|Myotis lucifugus (LeConte)
Little Brown Bat
Don Linzey & Christy Brecht
Wytheville Community College
Wytheville, Virginia 24382
Last updated: 26 November, 2005
- Adult total length:
3-4 in. (75-98 mm)
1 1/4-1 3/4 in. (30-45 mm)
- Hind foot:
1/4 - 3/8 in. (8.5 - 10 mm)
1/4-1/3 oz. (7-10 g)
Bats are unique among mammals because their forelimbs are
specialized for true flight. Flight membranes, which are
actually extensions of the skin of the back and belly,
connect the body with the wings, legs, and tail. Unlike
birds, bats use both legs and wings during flight. Other
modifications for flight include greatly elongated fingers
to provide support for the wing membrane, a keeled sternum
for the attachment of the enlarged flight muscles, and
fusion of some vertebrae. The membrane extending from the
tail to the hind legs is known as the interfemoral membrane.
The little brown bat is brownish. The hairs on the back have
long, glossy tips that give the pelage a metallic sheen. The
underparts are whitish or gray washed with buff. The ears,
wings, and tail membranes are dark brown. The ear reaches to
the tip of the nose when laid forward. Hairs on the hind
feet extend beyond the toes.
left lateral view of
skull and mandible
dorsal view of skull
ventral view of skull
The little brown bat is found from Alaska across Canada and the United
States as far south as southern California, Arizona, New Mexico,
southeastern Oklahoma, northern Alabama, and northern Georgia.
All of the park's caves provide critically important habitats for bats.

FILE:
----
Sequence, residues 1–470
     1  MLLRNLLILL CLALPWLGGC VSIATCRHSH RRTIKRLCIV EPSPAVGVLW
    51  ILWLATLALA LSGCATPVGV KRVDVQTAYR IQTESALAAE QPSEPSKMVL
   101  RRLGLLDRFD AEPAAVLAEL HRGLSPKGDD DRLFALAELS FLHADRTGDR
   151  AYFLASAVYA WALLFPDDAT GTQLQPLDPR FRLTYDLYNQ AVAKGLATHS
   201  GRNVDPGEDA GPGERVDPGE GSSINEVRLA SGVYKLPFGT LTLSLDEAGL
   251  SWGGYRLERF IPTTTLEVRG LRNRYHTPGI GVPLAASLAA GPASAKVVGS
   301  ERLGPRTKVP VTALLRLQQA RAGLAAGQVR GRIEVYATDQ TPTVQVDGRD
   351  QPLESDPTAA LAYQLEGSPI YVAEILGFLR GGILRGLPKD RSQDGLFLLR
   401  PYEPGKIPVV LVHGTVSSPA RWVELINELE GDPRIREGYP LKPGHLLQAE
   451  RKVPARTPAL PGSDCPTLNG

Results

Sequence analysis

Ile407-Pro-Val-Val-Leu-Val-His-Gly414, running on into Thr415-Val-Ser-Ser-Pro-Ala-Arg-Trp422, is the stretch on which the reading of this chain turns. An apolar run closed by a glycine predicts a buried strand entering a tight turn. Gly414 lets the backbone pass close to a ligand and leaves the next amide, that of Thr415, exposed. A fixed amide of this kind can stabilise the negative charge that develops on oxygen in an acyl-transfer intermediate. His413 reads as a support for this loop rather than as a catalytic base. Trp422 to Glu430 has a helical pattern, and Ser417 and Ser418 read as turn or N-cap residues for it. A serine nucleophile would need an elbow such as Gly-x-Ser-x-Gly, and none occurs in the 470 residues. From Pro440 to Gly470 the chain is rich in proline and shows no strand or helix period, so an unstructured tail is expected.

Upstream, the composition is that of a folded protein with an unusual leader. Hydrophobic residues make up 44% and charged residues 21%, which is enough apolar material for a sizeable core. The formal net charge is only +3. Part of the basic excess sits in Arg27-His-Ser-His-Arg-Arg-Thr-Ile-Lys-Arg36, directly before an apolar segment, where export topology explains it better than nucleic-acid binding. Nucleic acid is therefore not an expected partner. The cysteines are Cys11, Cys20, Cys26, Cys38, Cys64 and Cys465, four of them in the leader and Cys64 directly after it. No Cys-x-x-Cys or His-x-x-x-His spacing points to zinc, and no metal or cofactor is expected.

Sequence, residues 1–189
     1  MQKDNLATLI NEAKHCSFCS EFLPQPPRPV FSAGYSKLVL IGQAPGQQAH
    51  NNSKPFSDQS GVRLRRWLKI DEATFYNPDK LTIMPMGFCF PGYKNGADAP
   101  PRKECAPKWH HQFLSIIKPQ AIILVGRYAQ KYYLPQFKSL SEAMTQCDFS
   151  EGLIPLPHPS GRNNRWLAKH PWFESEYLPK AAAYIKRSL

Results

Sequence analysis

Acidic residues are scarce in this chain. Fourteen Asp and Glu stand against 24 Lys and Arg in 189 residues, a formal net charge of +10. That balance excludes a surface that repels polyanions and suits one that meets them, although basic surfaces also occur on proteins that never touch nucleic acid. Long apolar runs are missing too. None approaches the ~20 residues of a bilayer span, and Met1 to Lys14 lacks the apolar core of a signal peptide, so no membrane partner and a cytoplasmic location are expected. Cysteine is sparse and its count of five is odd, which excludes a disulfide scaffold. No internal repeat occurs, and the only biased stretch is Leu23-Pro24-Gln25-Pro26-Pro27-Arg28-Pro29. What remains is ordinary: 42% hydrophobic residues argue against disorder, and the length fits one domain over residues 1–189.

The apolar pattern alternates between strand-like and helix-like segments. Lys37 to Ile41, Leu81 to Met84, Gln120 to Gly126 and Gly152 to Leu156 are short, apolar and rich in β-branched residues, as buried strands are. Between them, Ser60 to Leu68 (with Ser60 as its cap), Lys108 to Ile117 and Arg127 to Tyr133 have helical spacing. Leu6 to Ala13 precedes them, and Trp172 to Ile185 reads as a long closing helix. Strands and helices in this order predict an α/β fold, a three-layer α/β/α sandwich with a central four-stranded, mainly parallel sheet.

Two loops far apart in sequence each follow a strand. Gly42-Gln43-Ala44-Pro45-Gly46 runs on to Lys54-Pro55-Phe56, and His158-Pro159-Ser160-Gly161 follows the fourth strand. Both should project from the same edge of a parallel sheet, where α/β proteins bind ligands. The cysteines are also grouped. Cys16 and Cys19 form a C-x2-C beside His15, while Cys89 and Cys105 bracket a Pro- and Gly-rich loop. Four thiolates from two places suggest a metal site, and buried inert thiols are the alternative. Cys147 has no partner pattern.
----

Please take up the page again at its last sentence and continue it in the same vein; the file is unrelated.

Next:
During the summer, these bats are usually found in buildings, towers,
hollow trees, beneath the loose bark of trees, in crevices of cliffs,
and beneath bridges. During winter, these colonial bats move into caves
and abandoned mines where they either hang individually or in small
clusters of 25 to 30.
Great Smoky Mountains National Park:
The little brown bat has been recorded from eleven
localities in the park and along the Foothills Parkway.
- Blount Co.:
Blowhole Cave in Whiteoak Sink;
Saltpeter Cave (1750 ft.); Bull
Cave; Calf Cave No. 2; Scott Gap
Cave; Tory Shields Bluff Cave.
- Sevier Co.:
Greenbrier Cove (2200 ft.); park headquarters.
- Haywood Co.:
- Swain Co.:
Hazel Creek Ranger Station.
Mating occurs in late summer but may also occur during
the hibernation period (Harvey et al.,
1999). Females store the sperm through winter, and
ovulation and fertilization take place in the spring when
females tend to congregate in nursery colonies, where each
bears a single young about 60 days after fertilization.
The little brown bat holds the record for longevity among
bats - 32 years (Linzey, 1998).
- Terrestrial Ecology
The senses of sight and hearing are well-developed in bats.
Since most bats become active near dusk and are active much
of the night, sight is of little importance in navigation and
in the capture of prey. Instead, they use echolocation, a
system somewhat similar to radar. They emit ultrasonic calls
far above the range of human hearing that are reflected from
objects ahead of them. They hear the echoes and are able to
avoid obstacles and find food in total darkness. Different
species can be distinguished by differences in the structure